What is the Land Rover Discovery?
For three decades the Land Rover Discovery family has sat in the middle of the British SUV brand’s range combining elements of the rugged, go-anywhere Defender range below it and the luxurious suite of Range Rover-badged models above.
Available to order from the end of 2016 with deliveries beginning the following spring, the current-generation Discovery has proven to be Land Rover’s most controversial model to date, primarily because of how it looks.
Given the growth of SUVs since the original Discovery’s launch in 1989, the latest model is not short of competition in the forms of premium-badged alternatives such as the Audi Q7, Mercedes-Benz GLE and Volvo XC90, to more traditional off-roaders along the lines of the Mitsubishi Shogun and Toyota Land Cruiser.
Rather than being a single range within the marque’s line-up the name is also applied to the more compact Land Rover Discovery Sport.
Depending upon your rationale – ours is illustrated in the model history section – the present model (L462 if you’re into internal codenames) is either the fourth, fifth or even sixth generation of car to wear the Discovery badge.
Regardless of that, today’s Land Rover Discovery SUV follows – on paper, at least – a formula that’s been present almost since the moment the first model debuted: it’s a five-door SUV, with up to seven seats, four-wheel drive and the ability to traverse incredibly difficult terrain without complaint.
Long-gone are the big V8-engined Discoverys – today’s models are offered in four-cylinder 2.0-litre petrol and diesel form, with a six-cylinder Sd6 3.0-litre diesel crowning the range. The supercharged Si6 3.0-litre petrol and Td6 diesel were discontinued in 2018.
All versions have automatic gearboxes and a sophisticated four-wheel drive system, combined with various drive modes (Terrain Response 2) for different surfaces and air suspension to make tackling rocky terrain even easier.
It’s not as utilitarian inside as earlier iterations, either – S, SE, HSE and HSE Luxury trim levels are available, the pricier ones offering levels of plushness approaching the Range Rover.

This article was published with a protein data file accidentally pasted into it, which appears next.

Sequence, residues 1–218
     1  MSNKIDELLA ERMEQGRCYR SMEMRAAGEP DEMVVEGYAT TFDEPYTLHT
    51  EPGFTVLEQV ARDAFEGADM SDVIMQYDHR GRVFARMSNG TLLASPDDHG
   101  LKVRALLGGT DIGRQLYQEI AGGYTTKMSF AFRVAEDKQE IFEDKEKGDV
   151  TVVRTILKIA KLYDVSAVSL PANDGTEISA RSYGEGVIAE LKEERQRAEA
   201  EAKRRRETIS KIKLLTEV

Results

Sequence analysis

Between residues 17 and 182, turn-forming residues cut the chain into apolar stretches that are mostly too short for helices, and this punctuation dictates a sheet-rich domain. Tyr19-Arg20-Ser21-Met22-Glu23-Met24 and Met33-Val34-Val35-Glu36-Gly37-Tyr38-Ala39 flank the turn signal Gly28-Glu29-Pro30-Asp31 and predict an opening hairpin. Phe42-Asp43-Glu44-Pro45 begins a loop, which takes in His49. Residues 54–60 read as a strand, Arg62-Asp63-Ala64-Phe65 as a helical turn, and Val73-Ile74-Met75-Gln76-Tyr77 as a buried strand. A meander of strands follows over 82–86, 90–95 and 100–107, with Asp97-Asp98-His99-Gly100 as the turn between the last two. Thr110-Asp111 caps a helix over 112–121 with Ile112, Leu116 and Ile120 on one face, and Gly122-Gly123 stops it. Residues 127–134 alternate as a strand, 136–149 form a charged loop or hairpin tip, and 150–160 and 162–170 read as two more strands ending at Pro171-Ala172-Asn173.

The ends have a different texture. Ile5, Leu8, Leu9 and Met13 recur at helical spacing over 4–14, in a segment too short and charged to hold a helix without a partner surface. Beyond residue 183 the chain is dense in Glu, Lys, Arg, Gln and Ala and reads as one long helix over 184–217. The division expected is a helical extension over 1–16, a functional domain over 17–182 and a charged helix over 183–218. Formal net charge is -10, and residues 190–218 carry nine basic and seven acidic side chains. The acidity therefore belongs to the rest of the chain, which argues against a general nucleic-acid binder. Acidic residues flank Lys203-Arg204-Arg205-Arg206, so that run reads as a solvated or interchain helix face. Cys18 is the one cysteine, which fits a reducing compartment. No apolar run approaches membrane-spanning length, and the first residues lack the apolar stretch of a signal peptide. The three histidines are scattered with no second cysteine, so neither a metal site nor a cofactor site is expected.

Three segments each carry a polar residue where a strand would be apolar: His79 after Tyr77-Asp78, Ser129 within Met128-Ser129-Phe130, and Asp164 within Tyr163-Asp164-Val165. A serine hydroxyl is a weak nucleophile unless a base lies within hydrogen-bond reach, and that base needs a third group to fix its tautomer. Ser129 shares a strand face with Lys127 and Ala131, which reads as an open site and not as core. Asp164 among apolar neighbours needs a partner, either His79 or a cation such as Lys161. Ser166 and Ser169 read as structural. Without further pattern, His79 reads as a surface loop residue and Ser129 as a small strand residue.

If your needs are more of a van-like variety, Land Rover also sells the go-anywhere Discovery Commercial.
Strip away the L462-generation Discovery’s bodywork and you’ll find a cutting-edge platform that’s related to the more luxurious Range Rover Sport and flagship Range Rover. It’s aluminium-intensive, making it much lighter than the Discovery it replaced, and it’s the first generation to have a monocoque construction, where the body structure and the underpinnings are a single fabrication.
Where the Discovery seems to be having issues relates to its exterior styling. Previous generations have been stout and upright, but the current iteration is softer, more reclined and consequently looks less purposeful.
What’s particularly divisive is the styling of the abruptly vertical tail: there’s a nod to the split tailgate of the previous-generation with a vestigial drop-down boot-flap, but it’s the offset number plate that causes the consternation. Whether it remains as it is come the Discovery’s mid-life facelift remains to be seen.
Long gone are the days when cars which proved surpreme off-road wallowed and listed about as soon as you hauled them onto asphalt, and the Discovery epitomizes this new breed well.
There is little cross country that will cause a Discovery driver to turn around and retreat such is its imperious agility, but on-road it proves to be remarkably stable and comfortable. There’s a surprise, too: point the Discovery at a series of sweeping bends and it faithfully goes exactly where you point it, with minimal bodyroll in spite of its height and bulk.
Peruse the Land Rover price list and you’ll immediately spot that the Discovery is not an inexpensive car to buy outright, but it does have strong resale values on its side. Most people buy cars on finance these days, and comparable specs, the Discovery is about on par with its BMW and Mercedes rivals. Best of the bunch is the Volvo XC90 which significantly undercuts the Disco.
Land Rover Discovery Model History
Current Land Rover Discovery model history
- September 2016 – Land Rover unveils its fifth-generation Discovery, revealing its pricing and spec details, and opening the order books.
- March 2017 – Land Rover Discovery 5 goes on sale in the UK with a starting price of £43,495. Model line-up looks like this: S, SE, HSE, HSE Luxury and First Edition. Engine line-up is SD4 (240hp), TD6 (258hp), and Si6 (340hp).